As with tires there are some terms that we require a clear understanding before proceeding. A "wheel" has two parts, even if cast as a single piece of aluminum. The "Rim" is the part that contacts the tire and the air chamber in the tire. The "Disk" is the part that has the bolt holes and center hole that attaches to the vehicle. Each parts served different purpose and has different design requirements.
Here is an engineering drawing that identifies the important dimensions of the "Rim" portion of a wheel. Each of these dimensions is specified in the published standards books such as the Tire & Rim Association Yearbook here in the US. If you look at the dimensions in both the European ETRTO and Japaneese JATMA you find the dimensions are identical. This is because the intent is to ensure proper interchangeability and fit no matter where the tire is manufactured. Most of these dimensions are specified to a tolerance of 0.01".
Two items may be of interest. Both of these are specified in inches, no matter where they are made. Even in countries that only use the Metric measurement system. While the Diameter is specified to a high degree of accuracy you will find it impossible to find a location that is actually measures 16.0" in diameter as the location is actually the intersection of the slope (5° in the above drawing) and the vertical defined by "A" or wheel width in the above drawing. The rim width "A" is specified in 1/2" increments and can be measured with a tape measure. When you look at tire specifications you will usually see a specific width mentioned such as 7.5". This does not mean you cannot mount the tire on a rim of a different width but again there are only a few widths that are "approved" for each tire size by the tire manufacturer so you must only select a rime that meets one of the specified widths.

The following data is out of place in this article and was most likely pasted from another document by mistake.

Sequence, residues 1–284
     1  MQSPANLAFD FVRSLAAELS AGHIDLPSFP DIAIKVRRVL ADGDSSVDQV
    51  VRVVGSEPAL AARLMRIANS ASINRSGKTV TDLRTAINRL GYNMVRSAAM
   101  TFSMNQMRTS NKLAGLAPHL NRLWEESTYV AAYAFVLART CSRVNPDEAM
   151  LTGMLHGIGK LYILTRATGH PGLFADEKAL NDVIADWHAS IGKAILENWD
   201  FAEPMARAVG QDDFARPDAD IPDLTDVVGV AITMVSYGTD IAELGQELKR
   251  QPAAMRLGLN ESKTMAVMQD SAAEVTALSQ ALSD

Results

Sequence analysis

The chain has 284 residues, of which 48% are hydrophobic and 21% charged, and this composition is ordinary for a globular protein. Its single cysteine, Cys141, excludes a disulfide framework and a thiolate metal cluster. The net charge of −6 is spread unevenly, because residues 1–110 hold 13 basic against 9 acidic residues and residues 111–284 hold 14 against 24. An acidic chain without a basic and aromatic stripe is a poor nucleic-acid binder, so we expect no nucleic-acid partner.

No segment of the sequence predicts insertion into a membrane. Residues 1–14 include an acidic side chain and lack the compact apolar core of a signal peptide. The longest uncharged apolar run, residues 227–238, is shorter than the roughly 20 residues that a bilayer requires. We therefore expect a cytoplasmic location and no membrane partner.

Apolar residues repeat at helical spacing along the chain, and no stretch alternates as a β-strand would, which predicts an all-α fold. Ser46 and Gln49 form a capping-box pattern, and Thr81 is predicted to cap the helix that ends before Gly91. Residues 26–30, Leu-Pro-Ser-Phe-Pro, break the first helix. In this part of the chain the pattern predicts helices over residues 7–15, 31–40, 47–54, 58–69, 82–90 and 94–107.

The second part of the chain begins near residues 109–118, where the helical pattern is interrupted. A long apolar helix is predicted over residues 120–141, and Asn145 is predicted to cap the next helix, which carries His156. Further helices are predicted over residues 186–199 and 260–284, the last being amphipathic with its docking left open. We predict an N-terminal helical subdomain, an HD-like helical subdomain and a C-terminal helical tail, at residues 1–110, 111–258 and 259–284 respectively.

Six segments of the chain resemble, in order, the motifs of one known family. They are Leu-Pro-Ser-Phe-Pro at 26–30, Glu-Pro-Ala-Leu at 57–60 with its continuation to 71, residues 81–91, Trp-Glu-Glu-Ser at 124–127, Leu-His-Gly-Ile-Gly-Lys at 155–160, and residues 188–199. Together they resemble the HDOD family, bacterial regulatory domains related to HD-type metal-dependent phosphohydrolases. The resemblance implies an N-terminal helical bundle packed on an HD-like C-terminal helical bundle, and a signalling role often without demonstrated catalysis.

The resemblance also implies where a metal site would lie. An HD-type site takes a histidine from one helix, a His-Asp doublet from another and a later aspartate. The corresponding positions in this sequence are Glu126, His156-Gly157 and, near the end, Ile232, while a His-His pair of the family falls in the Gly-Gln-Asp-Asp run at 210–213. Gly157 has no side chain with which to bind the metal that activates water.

Now if we look at the "Disk" part of a wheel you can see it in this drawing.
Here we have an interesting situation as the Tire & Rim association does not specify any of the dimensions on the Disk portion of a wheel. These dimensions must match specifications from the axle or hub manufacturer. These include Bold Circle ( see the good explanation from Tire Rack). Center Bore, Offset and Backspacing as shown in the picture.
It is important to understand that Offset and Backspacing are not identical dimensions and while Backspacing can easily be measures Offset is much more difficult.
Most Trailers and Class-B RVs without dual tires, will have wheels that look a lot like this picture with the Offset being a small number in the 1" to 3" range. Larger Motorhomes with dual application will have large Positive (outward) offset as seen in this picture of an Accuride wheel.
This positive offset is what controls the "dual spacing. This spacing is specified with a minimum dimension in the spec page of LT and TBR tires intended for dual application.
If you are considering changing your wheels you not only need to consider the load and inflation rating of the potential new wheel you also need to ensure you have an acceptable width, center bore, bolt circle and offset to meet the vehicle, axle and tire manufacturing specifications.
There is another post here on wheels that you should also review before considering making any change in wheels as a wheel failure can be quite catastrophic.
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